The Secretary of
State to the Embassy in the
3197. For Emb and STEM from State and MSA. Re Hardie Report on Phil Land Tenure Reform.1 Inter-Agency Comite on Land Reform after careful review and analysis endorsed on Apr 17 report in fol terms:
“This report is sound, feasible and adequate for that segment of land reform which it deals with, namely conditions of land tenure. It meets, insofar as land tenure is concerned, the requirements of the present economic, social, and political situation in the Phils. It is in accord with the recommendations of the Bell Mission Report, the Quirino–Foster Agreement of Mar [April] 27, 19512 and the joint resolution of the Phil Congress, No. 23, Feb 2, 1951.
“It is strongly recommended that the Emb and the STEM at Manila support by all possible means the recommendations of the report. Time is of the essence. The rural people of the Phils shld know promptly that their Govt means to take immediate and specific action to improve the land tenure situation in their country, and this endeavor will enjoy the full support of the US Govt.
“The recommendations in re to (1) creation of owner-cultivators of family-sized farms, (2) creation and maintenance of fair tenancy [Page 493] practices and (3) strengthening the minimum wage law are sound as to over-all objectives and procedure. The recommendations with reference to (4) trans and registration of land titles and (5) improvement of inheritance laws are absolutely necessary in order to complement the other recommended action. The gen authority requested and the administrative procedure outlined appear to be adequate and desirable.
“The Comite has not concerned itself with the details of legislative proposals contained in the report and considers that these are properly matters for the attn of the Phil Govt.
“The Comite is pleased to note that the Emb and STEM are giving consideration to several other segments of land reform which are also essential in the Phils. The Comite believes that there is need for prompt action in: (1) expanding the land settlement program and in strengthening it with appropriate safeguards to assure its long-time effectiveness, (2) providing adequate rural credit facilities, both public, coop and private, to meet the needs of the small farmer, whether owner or tenant, (3) improving marketing facilities so that the small farmer receives an equitable share of the market value of his produce, (4) encouraging institutions, such as cooperatives and farm organizations, through which the farmers themselves can contribute toward improving their lot and protecting their interest, (5) encouraging small industries in rural areas through which farmers can utilize their spare time to supplement their farm income, and (6) increasing the farmers’ income by expanding production through the use of improved agri practices.”3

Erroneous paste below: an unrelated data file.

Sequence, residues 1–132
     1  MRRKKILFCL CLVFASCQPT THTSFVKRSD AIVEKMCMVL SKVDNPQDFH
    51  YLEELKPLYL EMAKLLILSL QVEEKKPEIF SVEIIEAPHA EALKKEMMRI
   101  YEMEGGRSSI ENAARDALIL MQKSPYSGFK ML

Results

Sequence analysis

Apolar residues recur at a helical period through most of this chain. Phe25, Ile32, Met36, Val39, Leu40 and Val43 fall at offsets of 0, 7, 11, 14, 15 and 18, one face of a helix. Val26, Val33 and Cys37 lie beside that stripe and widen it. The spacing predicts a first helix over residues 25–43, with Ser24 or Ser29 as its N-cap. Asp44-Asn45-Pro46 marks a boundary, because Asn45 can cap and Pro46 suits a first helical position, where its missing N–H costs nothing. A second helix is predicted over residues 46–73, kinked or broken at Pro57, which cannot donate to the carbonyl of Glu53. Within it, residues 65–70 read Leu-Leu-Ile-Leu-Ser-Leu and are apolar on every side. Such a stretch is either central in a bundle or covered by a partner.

- The report had been prepared by Robert S. Hardie, Land Tenure Specialist with the Mutual Security Agency in the Philippines.↩
- For text, see TIAS No. 2498; printed in 3 UST 3707. For related documentation, see Foreign Relations, 1951, vol. vi, Part 2, pp. 1523 ff.↩
On Dec. 15, William S.B. Lacy, Counselor of Embassy and Deputy Chief of Mission at Manila, wrote to Philip W. Bonsal, Director of the Office of Philippine and Southeast Asian Affairs, on the subject of land reform in the Philippines. Lacy’s letter contains the following passages:
“On land reform I regret to report that there has been no progress at all on the main question, the redistribution of large private estates owned by absentee landlords. The President has indicated to the Ambassador that this whole subject is distasteful to him, and we have found very little support for it elsewhere in the Government. Within the last week the President has announced that the Government was abandoning its policy of purchasing private lands for resale to tenants, giving as his reason that the Government had no money with which to continue this program. The possibility that this Administration can be prevailed upon to undertake a mandatory land transfer program is more remote than ever. The setting aside of idle public lands, for sale to small homesteaders in 10-hectare plots, for payment in kind, is as far as the Government has yet shown any indication of willingness to go. By such a program, coupled with well-publicized exhortations to the Land Registration Office to expedite the issuance of titles, and to issue them without favoritism on a first-come-first-served basis, the Government is attempting to deal with and dismiss the land reform question.
“In deference to a specific request that the Hardie Report not be disseminated, which the President made to him in the course of recent conference on defense questions, the Ambassador has not given this Report the circulation he had intended. He has provided a few copies, on individual request, to the President of the Senate, a few Senators, and other officials, and three or four were handed to local American newspaper men for their background information. Copies will continue to be given out to responsible persons asking for them. The Report has received no outside attention of Government circles, and within the Government the few individuals who have read it have tended to shy away from discussion of it. I have not heard of specific parts of the Report having been singled out as inaccurate, but as you know, neither the Embassy nor STEM considered it perfect.
“To accomplish the land reform we want, I fear we have a long and difficult road ahead.” (796.00/12–1552)↩